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Kerala HC Responds To The “desperate Purr Of Three Felines"

The Kerala High Court on Tuesday responded to the “desperate purrs of three felines” whose owner Mr N. Prakash from Kerala had approached the Court

Kerala HC

The Kerala High Court on Tuesday responded to the “desperate purrs of three felines” whose owner Mr N. Prakash from Kerala had approached the Court alleging that he was denied a vehicle pass to venture out and purchase “Meo-Persian” biscuits for his cats. Mr Prakash told the Kerala High Court via video conferencing that being a pure vegetarian himself, he had never cooked non-vegetarian food in his house and that his cats cannot do without their Meo-Persian biscuits.

'Animals to have right to life under Article 21'

The closest place for him to purchase the biscuits, the Cochin Pet Hospital, was a considerable distance away from his house and he stated that he would make one trip to the store to buy 7-kgs of the biscuits which will see his cats through rest of the lockdown period. Mr Prakash argued that in accordance with earlier Supreme Court judgements, animals too had a fundamental right to life under Article 21 and therefore, the police cannot deny him permission to buy food for his cats.

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He further substantiated his stand saying that the Ministry of Home Affairs had included “animal feed and fodder” as “essential items” in their notification.

Justices A.K. Jayasankaran Nambiar and Shaji P. Chaly of the Kerala High Court today recognised the right of Prakash to buy the biscuits for his cats while stating, “Over the last seven decades of working our democratic Constitution, we have focused primarily on the rights available to our citizens. We have conveniently forgotten that the human species is not alone on this planet and that there are other claimants to the bounty that nature has to offer.”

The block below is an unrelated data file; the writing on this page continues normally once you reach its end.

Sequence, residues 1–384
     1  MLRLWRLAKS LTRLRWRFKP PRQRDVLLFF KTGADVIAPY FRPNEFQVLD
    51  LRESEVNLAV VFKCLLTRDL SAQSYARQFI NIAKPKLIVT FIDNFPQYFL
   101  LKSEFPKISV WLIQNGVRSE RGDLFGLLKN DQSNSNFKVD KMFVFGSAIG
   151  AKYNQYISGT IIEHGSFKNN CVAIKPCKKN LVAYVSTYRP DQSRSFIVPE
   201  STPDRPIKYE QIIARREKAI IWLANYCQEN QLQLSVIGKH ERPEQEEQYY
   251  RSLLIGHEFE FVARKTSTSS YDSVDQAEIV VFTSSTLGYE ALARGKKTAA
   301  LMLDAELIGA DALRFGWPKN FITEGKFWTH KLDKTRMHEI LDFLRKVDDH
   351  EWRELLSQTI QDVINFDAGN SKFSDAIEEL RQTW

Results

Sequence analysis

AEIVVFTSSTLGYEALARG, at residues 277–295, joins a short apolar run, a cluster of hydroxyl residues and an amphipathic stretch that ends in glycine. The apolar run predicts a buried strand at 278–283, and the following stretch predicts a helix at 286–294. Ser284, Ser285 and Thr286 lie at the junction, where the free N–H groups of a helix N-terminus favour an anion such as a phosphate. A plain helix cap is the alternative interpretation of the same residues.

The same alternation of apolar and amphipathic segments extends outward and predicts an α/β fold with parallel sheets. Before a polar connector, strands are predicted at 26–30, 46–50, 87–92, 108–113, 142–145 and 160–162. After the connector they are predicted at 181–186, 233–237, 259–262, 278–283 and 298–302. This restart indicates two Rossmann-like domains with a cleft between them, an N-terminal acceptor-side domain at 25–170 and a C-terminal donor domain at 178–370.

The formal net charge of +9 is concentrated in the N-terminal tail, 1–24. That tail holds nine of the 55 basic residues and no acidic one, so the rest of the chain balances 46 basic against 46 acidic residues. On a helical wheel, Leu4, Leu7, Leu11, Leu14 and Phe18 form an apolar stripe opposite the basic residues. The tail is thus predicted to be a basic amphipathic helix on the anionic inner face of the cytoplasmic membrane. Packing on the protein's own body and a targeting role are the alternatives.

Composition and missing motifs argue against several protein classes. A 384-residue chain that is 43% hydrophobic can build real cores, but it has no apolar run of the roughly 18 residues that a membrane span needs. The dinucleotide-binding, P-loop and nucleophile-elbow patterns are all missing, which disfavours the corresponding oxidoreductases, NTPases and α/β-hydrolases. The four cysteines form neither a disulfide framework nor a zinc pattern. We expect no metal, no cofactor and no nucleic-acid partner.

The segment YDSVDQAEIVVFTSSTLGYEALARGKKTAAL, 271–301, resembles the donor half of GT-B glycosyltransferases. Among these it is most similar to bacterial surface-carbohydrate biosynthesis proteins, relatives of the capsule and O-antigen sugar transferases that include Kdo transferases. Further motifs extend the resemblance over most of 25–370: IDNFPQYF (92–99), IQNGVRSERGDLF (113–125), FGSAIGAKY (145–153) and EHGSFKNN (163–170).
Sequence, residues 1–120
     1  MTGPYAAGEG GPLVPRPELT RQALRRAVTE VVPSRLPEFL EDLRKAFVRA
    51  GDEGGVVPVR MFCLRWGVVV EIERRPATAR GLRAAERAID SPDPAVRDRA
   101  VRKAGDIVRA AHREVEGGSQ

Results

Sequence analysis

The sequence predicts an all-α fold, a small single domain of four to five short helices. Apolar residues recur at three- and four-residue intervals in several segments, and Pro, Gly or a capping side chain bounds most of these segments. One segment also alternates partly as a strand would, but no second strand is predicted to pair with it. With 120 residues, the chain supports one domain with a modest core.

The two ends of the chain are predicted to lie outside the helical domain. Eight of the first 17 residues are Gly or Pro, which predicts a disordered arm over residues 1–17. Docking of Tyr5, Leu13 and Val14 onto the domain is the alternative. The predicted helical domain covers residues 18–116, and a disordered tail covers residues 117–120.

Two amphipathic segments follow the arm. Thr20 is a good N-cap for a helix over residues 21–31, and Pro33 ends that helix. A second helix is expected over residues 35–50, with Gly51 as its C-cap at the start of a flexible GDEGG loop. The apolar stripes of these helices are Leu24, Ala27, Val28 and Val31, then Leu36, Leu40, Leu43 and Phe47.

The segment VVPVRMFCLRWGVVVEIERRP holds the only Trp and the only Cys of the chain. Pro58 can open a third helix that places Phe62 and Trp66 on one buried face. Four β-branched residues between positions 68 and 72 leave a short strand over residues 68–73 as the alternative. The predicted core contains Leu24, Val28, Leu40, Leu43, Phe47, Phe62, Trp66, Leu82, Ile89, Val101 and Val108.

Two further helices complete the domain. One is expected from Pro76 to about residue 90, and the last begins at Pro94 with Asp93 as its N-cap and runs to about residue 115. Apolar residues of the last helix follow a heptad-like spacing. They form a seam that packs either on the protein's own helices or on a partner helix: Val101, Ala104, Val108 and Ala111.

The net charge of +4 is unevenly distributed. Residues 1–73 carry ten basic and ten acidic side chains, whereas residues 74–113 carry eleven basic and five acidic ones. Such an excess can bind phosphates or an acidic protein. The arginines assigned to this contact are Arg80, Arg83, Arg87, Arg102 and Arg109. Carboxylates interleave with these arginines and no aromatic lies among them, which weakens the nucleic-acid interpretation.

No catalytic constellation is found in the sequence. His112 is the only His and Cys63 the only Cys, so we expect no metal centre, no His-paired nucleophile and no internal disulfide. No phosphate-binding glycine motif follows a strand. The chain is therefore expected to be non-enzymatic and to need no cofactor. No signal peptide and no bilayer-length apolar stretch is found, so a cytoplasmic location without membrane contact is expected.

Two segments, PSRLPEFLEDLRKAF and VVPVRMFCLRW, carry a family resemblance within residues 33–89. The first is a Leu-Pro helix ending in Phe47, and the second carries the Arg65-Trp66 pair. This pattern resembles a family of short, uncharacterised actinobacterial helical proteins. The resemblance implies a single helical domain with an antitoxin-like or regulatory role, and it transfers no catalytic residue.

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Moreover, the Kerala High Court went on to say that in accordance with the Supreme Court judgment from 2014 in the case of Animal Welfare Board of India v. A. Nagaraja, the Supreme Court had manifested a shift in judicial thinking, from one of merely safeguarding animal welfare to recognising the right and dignity of animals to live lives free from cruelty. On a lighter note, the judges ended their judgment stating that their directions will certainly help avert a “CATastrophe” in Mr Prakash’s home.

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